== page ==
This self-perception renders Putin and Erdoğan each particularly sensitive to the behavior of the United States or of the European Union, behavior that is often considered by these leaders as disrespectful to them or to their countries.
Putin’s and Erdoğan’s self-confidence increases daily as they stay in power. Popular support, in polls and in public, confirms this self-confidence and electoral victories strengthen it.
The combination of self-confidence and high need for power makes them more and more dominant leaders. This characteristic is important for understanding the behavior of Erdoğan and of Putin. Once finding power, they are not going to lose it. They both ardently love power and this motivation is the strongest in both of their needs hierarchy.
Researchers found Erdoğan’s high need for power in a number of studies.  A. Vatandaş calls him “hungry for power”. According A. Gorener и M. Ucal, “his higher power scores indicate he became …more ruthless in asserting his positional power”. In regard to Russian president A. Immelman notes, “Putin is a highly dominant leader”.
Their findings are consistent with ours. Erdoğan’s need for power is 11.1 and Putin’s is 16.2 (the value for an ordinary person in the VAAL system is 0.0). That is, Erdoğan’s need for power is eleven times higher, and Putin’s sixteen times higher, than that of the man in the street. This need is fully fulfilled by both leaders through their domestic activities to concentrate and direct power – to keep the reins in Erdoğan’s and in Putin’s hands.
The high need for power is reflected in the behavior of the political leader. M. Hermann emphasizes that leaders with a high need for power have a strong desire to control both people and events, and to influence others; they prefer loyal advisers to independent thinkers; they feel at ease and confident in conflict; prone to personal decision-making, they like to be self-assertive in negotiations. These leaders perceive conflict as normal for international relations.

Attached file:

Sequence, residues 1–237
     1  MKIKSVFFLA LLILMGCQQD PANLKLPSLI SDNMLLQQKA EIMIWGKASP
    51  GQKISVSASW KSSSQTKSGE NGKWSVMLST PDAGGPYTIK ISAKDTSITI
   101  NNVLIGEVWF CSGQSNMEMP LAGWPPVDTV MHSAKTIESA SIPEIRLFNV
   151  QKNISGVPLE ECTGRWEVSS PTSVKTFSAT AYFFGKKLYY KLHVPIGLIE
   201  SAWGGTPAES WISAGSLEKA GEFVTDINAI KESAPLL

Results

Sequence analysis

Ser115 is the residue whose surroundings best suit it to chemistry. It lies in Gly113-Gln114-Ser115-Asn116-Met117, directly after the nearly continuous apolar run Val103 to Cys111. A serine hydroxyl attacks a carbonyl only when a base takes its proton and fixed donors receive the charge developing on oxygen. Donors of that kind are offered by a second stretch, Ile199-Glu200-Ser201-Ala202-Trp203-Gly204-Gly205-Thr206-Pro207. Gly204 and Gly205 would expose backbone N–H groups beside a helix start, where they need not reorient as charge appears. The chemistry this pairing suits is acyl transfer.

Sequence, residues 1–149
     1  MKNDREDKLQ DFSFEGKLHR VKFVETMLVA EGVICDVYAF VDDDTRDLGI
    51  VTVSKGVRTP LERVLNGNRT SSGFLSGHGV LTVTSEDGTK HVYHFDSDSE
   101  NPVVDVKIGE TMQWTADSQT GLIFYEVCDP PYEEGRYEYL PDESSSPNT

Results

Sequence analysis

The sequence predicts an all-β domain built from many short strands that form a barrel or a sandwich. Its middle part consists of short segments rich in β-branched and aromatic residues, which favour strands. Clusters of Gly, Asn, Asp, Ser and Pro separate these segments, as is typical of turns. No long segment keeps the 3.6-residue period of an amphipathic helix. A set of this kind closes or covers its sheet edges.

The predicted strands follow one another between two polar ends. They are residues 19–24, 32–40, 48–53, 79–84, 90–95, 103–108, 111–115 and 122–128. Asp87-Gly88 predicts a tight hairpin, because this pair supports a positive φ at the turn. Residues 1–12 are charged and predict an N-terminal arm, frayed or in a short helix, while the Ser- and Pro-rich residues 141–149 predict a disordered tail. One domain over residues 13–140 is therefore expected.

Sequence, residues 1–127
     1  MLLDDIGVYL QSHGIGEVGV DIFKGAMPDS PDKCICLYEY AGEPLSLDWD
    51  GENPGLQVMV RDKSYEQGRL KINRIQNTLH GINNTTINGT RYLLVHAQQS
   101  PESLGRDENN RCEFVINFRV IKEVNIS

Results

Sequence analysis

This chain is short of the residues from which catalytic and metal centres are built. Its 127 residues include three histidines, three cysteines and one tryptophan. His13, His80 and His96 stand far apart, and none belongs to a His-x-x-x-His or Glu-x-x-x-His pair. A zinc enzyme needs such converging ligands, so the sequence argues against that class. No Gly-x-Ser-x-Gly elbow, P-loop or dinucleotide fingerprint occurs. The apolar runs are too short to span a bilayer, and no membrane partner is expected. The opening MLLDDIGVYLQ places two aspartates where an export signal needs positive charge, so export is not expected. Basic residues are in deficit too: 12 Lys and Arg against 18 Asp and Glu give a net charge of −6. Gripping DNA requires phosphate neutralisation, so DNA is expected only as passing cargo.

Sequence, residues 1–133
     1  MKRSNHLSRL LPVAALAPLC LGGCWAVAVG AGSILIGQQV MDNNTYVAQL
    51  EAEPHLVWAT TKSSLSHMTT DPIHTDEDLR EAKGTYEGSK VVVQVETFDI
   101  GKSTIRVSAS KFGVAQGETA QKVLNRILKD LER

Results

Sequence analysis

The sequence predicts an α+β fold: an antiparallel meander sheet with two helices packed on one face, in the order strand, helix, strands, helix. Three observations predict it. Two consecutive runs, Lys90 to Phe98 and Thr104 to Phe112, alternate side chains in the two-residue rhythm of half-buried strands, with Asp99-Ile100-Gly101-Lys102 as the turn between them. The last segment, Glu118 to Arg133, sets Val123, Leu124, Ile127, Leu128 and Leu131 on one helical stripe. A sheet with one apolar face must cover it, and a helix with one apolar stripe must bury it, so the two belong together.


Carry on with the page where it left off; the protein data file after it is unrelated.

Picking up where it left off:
Putin and Erdoğan have excellent fighting qualities. They can easily enter into conflict and are ready to engage to the end. Putin has said that the Leningrad streets taught him to hit first. Conflict is acceptable, even comfortable, for these two power-hungry politicians. They are willing to lock horns in battle, even when not equally matched.
Jenkins notes that Erdoğan became “increasingly aggressive; mixing threats and insults in an unprecedented barrage of attacks against everyone from advocates of Kurdish cultural rights to the IMF, the EU, the oppositional media, Israel, the Palestine Liberation Organization (PLO) and the World Economic Forum.”
Reliance on loyal advisers is common to Erdoğan and Putin. Putin trusts a narrow circle of advisers and experts. These are time-tested seasoned people, and he is extremely reluctant to invite in new experts. Again similarly, but more vulnerable, G. Jenkins finds that Erdoğan “came to rely almost exclusively on a coterie of trusted advisors who were more notable for their personal loyalty than their acumen”. Simply consider the epigram on the title page, read the hyperbole, hear the flattering words of Erdogan’s adviser, Yigit Bulut.
Loyal advisers are unable to criticize their imperial patrons. The reasons are legion: desire to keep their position in office, fear of angering the boss, lack of guts. Erdoğan’s advisers know well his painful reaction to dissent with him or criticism. 
The high need for power enormously impacts the personal style of decision-making of the Russian and Turkish presidents. Putin and Erdoğan, after receiving information from their advisors and experts, still choose for themselves. All the talk about the decisions by a “collective” Putin, a new version to the Soviet-style Politburo, is baseless. Like Putin, Erdoğan “effectively concentrated all the decision-making processes in his own hands”.